The LEAD Center Planner Workshop 

Emma Delk, Staff Reporter

On Tuesday, September 7th The LEAD (Learning Enrichment and Academic Development) Center held a workshop on planners, hosted by LEAD Center Coordinator, Britney Cutcha. The presentation covered all the different types of planners one can use, how to organize one’s planners, and other beneficial ways one can use a planner apart from scheduling. The presentation was great for students who had no prior experience with planners and for those who were veterans in their use of them. 

The talk began with the different types of planners one can utilize. Britney stressed that what planner you use is based on one’s own personal preferences, so it may take a lot of experimentation to determine what planner type is best for you. Britney said about buying different planners, “Be willing to buy cheap options and print stuff out to see what does and doesn’t work.” The LEAD Center website has plenty of printable planner options for students to experiment with. If one does not like physical planners, one can also explore online options. Britney suggested using the Outlook Calendar, which allows you to set reminders for assignments, tests, etc. Britney also recommended that one can use OneNote to down PDFs to then make templates for planners.  

Once one finds the planner they prefer, one can then find how they like to organize the planner. From her own experience with planning, Britney suggested starting with large events and then gradually incorporating smaller events into their planners. For example, one can start with weekly tasks and then move on to hourly tasks. In the end, one could end up using both the weekly and hourly planning combined to have both an overview of their week while also being able to see a daily breakdown of each day. 

If someone likes to make to-do lists, Britney recommended having around three things in each daily to-do list so one does not become overwhelmed with what they have to do in a day. One can also organize their to-do list into categories of importance, so one has items that they have to get done that day while other things on the last can just be started and not completed without any stress. Once again, how one chooses to organize their planner is personal preference, and it may take trial and error to determine one’s optimal organization style.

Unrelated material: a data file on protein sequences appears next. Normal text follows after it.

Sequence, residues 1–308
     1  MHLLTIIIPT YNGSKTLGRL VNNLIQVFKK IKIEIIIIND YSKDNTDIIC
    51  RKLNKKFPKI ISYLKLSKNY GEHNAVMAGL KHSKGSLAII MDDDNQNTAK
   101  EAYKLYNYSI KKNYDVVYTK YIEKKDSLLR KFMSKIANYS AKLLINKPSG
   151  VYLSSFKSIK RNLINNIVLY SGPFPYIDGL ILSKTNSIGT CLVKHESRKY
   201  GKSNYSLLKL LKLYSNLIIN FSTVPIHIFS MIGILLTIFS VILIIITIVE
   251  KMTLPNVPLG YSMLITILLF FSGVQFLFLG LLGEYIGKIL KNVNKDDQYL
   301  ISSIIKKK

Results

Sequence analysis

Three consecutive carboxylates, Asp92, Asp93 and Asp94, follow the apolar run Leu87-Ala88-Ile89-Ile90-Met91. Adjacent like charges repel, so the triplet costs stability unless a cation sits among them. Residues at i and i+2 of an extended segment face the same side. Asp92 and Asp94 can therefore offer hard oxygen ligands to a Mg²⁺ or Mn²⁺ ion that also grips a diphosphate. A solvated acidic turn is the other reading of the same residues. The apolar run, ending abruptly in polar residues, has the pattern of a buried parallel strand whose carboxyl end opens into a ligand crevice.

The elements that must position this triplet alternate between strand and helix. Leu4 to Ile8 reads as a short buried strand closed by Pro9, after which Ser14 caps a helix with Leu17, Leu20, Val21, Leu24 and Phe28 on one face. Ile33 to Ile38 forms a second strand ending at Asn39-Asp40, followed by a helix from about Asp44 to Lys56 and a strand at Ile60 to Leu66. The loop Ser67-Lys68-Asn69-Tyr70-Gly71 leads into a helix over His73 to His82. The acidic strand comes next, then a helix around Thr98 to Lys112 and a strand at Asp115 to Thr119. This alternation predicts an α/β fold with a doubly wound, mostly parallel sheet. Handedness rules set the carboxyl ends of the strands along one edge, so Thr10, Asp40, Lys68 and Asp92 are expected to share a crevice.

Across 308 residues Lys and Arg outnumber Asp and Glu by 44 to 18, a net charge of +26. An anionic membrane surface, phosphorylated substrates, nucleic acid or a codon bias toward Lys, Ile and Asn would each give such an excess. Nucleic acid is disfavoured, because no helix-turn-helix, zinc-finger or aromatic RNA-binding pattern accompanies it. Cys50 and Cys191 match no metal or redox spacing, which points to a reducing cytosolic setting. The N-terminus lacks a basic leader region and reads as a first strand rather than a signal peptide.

One element to her planner that Britney added through her own trial-and-error process was a section to journal within her planner. Journaling can be anything from a paragraph written about one’s day to just a sentence, it is just a way to reflect on one’s day. Britney expressed that journaling is very helpful from a mental health standpoint, as it helps keep one grounded when bad things occur. Incorporating journaling into one’s planner is a great way to make a planner feel more personal, as one is sharing their thoughts and feelings within it, not just what they have to do that day. 

At the end of the talk, Britney stressed, “Planning should not feel like a chore, it should just make you more productive.” If one stops using their planner for a week or even a month, one should not feel guilty. Britney suggests using a planner with no dates on it if one continually stops using it, just so one feels they are not wasting time by not using their planner. A planner is what one makes of it, and personal preference is key to success when using one.